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Festivalue – how to enjoy a summer festival without spending too much

4th May 2018 Published by Amanda Reid

How to enjoy a summer festival without spending too much

The UK’s immensely popular festivals attract to their stages once-in-a-lifetime performances and some of the biggest names in music every year. It’s little wonder the scene continues to go from strength to strength.

The music festival has been a mainstay in the British summer schedule since a boom in popularity in the early 1980s and its soaring status has meant that for many, it’s seen as a replacement for a summer holiday. Music lovers eagerly look forward year-round to the multi-day events, which, actually, don’t cost that much less than an average summer break. So how much are we really spending on this rather pricey weekend away?

What’s the cost of a summer music festival?

You’d be forgiven for thinking you’d need to take out a loan to attend a music festival in 2018. When you factor in ticket prices, food and drink, camping equipment and travel costs, it all adds up to an expensive weekend of fun.

Over the last 10 years, Progressive Money found the price of a ticket alone has risen by 66% and will now set you back an average of £164 for a weekend. This year, five of the UK’s biggest festivals are charging more than £200 for a ticket. This is a staggering increase when compared to 2008, when ticket prices hovered around the £100 mark. A decade ago £155 for Leeds and Reading Festival was the most you’d expect to pay, whereas now a single weekend ticket would cost £205 exclusive of fees.

But what about those added extras? If you’re going through a booking site for tickets, you can expect to pay up to 8% per ticket* for booking fee alone, as well as service charges and postage costs. All this makes for an incredibly expensive ticket price, even when compared to the steep face value. Such an initial outlay can massively eat into your budget for the weekend. That’s not all. Festival-goers need to ensure they have the proper kit to weather the elements while camping in a huge field. A tent, sleeping bag, pillow, airbed or mat – this little lot will set you back an average of £81.60.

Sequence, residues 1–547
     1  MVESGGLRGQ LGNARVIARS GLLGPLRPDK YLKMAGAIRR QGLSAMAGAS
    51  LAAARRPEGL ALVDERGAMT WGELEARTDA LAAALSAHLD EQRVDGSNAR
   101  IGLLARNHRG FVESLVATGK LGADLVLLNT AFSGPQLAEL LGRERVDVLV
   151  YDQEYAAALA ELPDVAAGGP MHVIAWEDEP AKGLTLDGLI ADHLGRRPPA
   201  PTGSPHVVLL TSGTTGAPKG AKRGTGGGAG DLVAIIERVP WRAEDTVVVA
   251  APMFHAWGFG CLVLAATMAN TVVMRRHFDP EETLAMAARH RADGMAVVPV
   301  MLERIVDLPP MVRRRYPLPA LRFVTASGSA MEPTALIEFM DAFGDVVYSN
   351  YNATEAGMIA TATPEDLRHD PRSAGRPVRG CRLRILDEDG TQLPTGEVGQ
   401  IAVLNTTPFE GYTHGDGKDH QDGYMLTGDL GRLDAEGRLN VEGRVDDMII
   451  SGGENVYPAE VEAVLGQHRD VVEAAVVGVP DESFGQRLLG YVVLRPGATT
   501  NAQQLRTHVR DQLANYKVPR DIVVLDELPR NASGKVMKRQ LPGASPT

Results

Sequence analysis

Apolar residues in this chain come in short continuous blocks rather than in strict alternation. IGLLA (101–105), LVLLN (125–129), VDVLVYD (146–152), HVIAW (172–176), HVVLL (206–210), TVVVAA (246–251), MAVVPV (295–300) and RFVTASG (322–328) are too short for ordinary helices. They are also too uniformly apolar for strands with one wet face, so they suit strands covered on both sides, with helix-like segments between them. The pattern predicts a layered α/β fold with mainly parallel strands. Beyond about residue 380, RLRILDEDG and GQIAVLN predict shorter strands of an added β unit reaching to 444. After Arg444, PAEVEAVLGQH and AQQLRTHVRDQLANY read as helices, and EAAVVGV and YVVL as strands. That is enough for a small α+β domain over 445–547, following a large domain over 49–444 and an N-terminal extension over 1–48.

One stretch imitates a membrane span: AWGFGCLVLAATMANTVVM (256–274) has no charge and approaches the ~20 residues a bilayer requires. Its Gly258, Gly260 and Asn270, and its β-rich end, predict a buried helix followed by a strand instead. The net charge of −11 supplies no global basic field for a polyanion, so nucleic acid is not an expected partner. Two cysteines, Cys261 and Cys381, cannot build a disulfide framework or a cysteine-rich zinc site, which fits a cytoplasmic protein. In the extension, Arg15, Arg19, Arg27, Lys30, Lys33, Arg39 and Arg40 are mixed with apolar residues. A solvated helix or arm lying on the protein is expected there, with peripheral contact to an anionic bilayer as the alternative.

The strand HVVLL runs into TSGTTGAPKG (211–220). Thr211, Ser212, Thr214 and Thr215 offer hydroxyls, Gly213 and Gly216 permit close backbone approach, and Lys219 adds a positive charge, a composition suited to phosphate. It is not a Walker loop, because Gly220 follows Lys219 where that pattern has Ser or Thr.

So how can you do a summer music festival on a budget?

If you’re keen to attend one of the UK’s many festivals this year, there are ways you can do it without breaking the bank or having to re-mortgage the house. To give you a nudge in the right direction, we’ve taken a look at the clever ways you can keep costs down without compromising on the experience:

  • Buy tickets together. If you’re going with a group of friends, buy all the tickets at the same time. Yes, each one will still carry a booking fee, but you’ll dodge a sizeable chunk of the service charge and extra postage if all the tickets are sent out together.
  • Equipment. An easy one – take care to look after your camping gear and you’ll avoid having to fork out for new equipment each year. However, if you do find yourself needing to buy new, check out second-hand websites and local lists for cheap deals.. Better still, borrow from friends and family.
  • Take your own. This applies to absolutely everything. Food and drink at UK festivals can be extortionate, but most of them will allow you to bring your own. Check out each festival’s rules and policies to find out what you’re allowed to bring.
  • Budget. Draw up a plan and stick to it. Spending while you’re at a festival can quickly spiral out of control without you realising, so set yourself a strict budget before you go. Don’t spend more than you can afford to.
  • Volunteer. Some festivals offer free tickets, providing you’re willing to do a little bit of work in return. You can earn your freebie by working at the bar, clearing up after the event or directing people around the site. This could be a small price to pay to see your favourite bands live and get up close to all the action.
  • Ticket types. You may not have to pay full price – it’s worth looking into. If you’re attending the festival with students, teenagers or children, you may be able to get concession tickets. There are often much cheaper alternatives available and children’s tickets are often free.